A Motor, An Arduino And A Whole Bunch Of Laser Cutting

Orbit Kinetic Sculpture

[Guido] was recently commissioned to build a kinetic sculpture for a client who wanted something unique. What he came up with is really awesome.

It’s called ORBIS: The Wooden Kinetic & Lighting Sculpture. It mounts to the wall and provides a focal point for the room – a bright flashy spinning one at that! Does it just stay there and do random things? Nope, of course not! [Guido] built it with a unique control box, two Arduino 2560’s and an Xbee to communicate between them.

Orbit Kinetic Sculpture

He was told to design it using old and new technologies so he’s got a rotary phone dial on the side of the box which allows the user to change through the different modes.

Switches on top also let you change the color of the sculpture and the speed at which it moves around. Since it’s wireless it can be easily set on the coffee table and become an instant conversation starter.

See it in action after the break.

14 thoughts on “A Motor, An Arduino And A Whole Bunch Of Laser Cutting

    1. You seem a little upset.

      Is it that a client hired someone to do something they couldn’t do themselves and paid that person?
      Is it that you haven’t been able to do such a clever thing yourself?

      I’m sure if you take the time to ask for a little help from the rest of us that you will be able to create something equally as impressive and then post the results to Hackaday!

      We’re here for you. Just ask and we’ll help you get over the bumps.

      We’ve all been a beginner. Don’t be so hard on yourself. We’re here to help.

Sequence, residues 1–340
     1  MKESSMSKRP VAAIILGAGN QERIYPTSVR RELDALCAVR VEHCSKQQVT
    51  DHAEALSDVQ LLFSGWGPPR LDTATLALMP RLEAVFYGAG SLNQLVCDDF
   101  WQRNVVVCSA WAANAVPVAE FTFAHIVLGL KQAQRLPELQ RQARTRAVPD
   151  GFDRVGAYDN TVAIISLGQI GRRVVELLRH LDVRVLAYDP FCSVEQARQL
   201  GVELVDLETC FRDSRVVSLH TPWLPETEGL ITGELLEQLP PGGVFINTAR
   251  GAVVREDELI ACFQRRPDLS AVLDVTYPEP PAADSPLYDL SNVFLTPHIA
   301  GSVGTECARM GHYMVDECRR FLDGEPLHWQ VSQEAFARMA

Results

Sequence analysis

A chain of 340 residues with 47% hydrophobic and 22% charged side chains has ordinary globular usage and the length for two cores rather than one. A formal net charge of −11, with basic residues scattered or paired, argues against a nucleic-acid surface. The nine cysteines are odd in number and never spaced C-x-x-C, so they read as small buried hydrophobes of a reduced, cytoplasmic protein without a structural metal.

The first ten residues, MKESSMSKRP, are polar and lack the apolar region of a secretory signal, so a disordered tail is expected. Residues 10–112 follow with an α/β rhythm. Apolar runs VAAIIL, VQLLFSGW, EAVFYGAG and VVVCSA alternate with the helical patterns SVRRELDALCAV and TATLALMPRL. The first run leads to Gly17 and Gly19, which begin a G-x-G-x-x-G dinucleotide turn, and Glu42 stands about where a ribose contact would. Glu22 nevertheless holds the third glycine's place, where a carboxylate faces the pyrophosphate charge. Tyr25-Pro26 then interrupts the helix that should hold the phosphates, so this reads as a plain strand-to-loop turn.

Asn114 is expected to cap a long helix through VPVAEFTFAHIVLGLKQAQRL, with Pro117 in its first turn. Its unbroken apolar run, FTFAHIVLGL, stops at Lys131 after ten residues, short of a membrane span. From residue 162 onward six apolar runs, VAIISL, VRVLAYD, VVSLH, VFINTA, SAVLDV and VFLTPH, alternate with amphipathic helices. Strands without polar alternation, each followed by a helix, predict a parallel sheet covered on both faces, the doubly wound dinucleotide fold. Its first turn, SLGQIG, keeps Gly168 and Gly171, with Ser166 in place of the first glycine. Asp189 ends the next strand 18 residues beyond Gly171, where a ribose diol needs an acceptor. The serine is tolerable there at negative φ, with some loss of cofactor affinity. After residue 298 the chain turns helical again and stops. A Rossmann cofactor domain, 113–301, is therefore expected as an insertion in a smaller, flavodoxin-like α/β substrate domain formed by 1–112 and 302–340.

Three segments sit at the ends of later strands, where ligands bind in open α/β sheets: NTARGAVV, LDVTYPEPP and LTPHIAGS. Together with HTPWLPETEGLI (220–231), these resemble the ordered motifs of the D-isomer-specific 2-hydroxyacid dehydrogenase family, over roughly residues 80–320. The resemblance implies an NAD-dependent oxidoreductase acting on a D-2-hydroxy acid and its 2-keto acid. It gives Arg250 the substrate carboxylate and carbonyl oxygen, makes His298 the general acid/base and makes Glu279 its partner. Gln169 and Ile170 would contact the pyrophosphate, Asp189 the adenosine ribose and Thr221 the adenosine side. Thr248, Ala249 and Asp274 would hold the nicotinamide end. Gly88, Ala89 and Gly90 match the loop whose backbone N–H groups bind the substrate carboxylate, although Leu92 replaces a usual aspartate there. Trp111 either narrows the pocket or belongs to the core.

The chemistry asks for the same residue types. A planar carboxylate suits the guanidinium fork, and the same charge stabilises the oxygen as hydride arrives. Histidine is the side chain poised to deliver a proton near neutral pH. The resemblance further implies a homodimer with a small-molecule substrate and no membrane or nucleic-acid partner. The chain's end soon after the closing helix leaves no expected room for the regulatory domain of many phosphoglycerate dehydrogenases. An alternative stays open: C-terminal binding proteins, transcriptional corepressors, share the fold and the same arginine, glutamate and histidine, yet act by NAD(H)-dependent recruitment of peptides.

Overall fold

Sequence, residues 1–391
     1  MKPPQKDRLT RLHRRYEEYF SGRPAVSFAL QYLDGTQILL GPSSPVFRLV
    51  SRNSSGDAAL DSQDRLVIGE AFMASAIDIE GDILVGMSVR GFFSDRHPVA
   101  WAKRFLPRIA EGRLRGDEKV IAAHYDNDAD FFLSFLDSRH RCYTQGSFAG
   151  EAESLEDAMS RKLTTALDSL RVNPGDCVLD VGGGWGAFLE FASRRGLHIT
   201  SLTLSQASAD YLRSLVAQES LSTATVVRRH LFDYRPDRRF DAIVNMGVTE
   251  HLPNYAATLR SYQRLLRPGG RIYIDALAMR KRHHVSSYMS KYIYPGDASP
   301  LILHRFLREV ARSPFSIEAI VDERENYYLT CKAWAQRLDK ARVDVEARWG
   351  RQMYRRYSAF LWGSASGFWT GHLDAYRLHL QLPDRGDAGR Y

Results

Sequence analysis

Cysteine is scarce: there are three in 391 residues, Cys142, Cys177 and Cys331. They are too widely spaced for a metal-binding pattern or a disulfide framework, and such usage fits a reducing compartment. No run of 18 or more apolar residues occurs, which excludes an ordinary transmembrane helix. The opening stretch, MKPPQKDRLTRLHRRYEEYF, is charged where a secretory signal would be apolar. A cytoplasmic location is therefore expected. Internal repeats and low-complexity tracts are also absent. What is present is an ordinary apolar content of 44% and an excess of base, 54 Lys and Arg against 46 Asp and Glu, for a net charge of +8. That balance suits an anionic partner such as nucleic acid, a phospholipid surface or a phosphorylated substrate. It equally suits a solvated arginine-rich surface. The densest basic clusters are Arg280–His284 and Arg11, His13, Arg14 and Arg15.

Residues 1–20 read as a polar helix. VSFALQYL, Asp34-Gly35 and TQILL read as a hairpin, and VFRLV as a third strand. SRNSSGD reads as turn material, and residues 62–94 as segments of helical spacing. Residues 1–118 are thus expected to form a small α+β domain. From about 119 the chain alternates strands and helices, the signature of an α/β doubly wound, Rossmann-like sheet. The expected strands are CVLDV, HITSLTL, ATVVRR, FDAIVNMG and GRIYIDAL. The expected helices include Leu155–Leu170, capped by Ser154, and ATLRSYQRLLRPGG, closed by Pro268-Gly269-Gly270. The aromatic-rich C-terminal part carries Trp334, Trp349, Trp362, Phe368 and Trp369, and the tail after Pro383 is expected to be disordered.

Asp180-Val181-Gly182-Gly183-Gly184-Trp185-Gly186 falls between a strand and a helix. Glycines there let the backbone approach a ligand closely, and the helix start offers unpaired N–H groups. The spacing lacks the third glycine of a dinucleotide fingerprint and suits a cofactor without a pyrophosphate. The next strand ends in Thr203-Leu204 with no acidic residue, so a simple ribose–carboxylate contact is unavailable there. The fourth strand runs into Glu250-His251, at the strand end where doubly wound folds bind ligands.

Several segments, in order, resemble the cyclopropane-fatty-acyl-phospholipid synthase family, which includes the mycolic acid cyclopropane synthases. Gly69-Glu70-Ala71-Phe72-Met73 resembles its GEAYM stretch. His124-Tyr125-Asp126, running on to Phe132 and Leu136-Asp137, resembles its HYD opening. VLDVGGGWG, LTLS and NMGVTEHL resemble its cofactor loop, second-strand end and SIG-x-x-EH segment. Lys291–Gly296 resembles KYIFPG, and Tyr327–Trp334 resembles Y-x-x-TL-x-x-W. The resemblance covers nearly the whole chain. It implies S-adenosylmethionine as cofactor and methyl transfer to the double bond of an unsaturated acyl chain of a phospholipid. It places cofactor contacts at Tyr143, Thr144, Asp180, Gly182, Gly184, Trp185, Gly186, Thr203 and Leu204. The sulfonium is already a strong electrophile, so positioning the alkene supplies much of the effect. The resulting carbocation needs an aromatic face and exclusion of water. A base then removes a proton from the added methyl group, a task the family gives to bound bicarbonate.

1. I think vonskippy is jealous he doesn’t have friends…. uh clients that will pay him to play around… uh I mean make art. I know I sure am, but most people in my area are more focused on acquiring meth than art.

    1. My big guess is that it looks like the gear on the lower left drives the inner ring. The inner ring drives the outer ring via the three mount points that must have a soft roller between the rings. In a picture on the source website, there is a large geared ring laying in the background that is probably mounted on the back of the inner ring.

      This project is pretty cool. It gives me some inspiration to work with my laser.

    2. @triton_9 This is Guido, I created Orbis. That’s a great question and one which was really difficult to make work right. Here is how it works. The gear is engaging the inner ring only, the outer ring is engaged via outward pressure applied to 3 hidden ball bearings. The bearings site in between the inner and out ring, so when the inner rotates right the outer will rotate left and vice versa. I’m glad you noticed!

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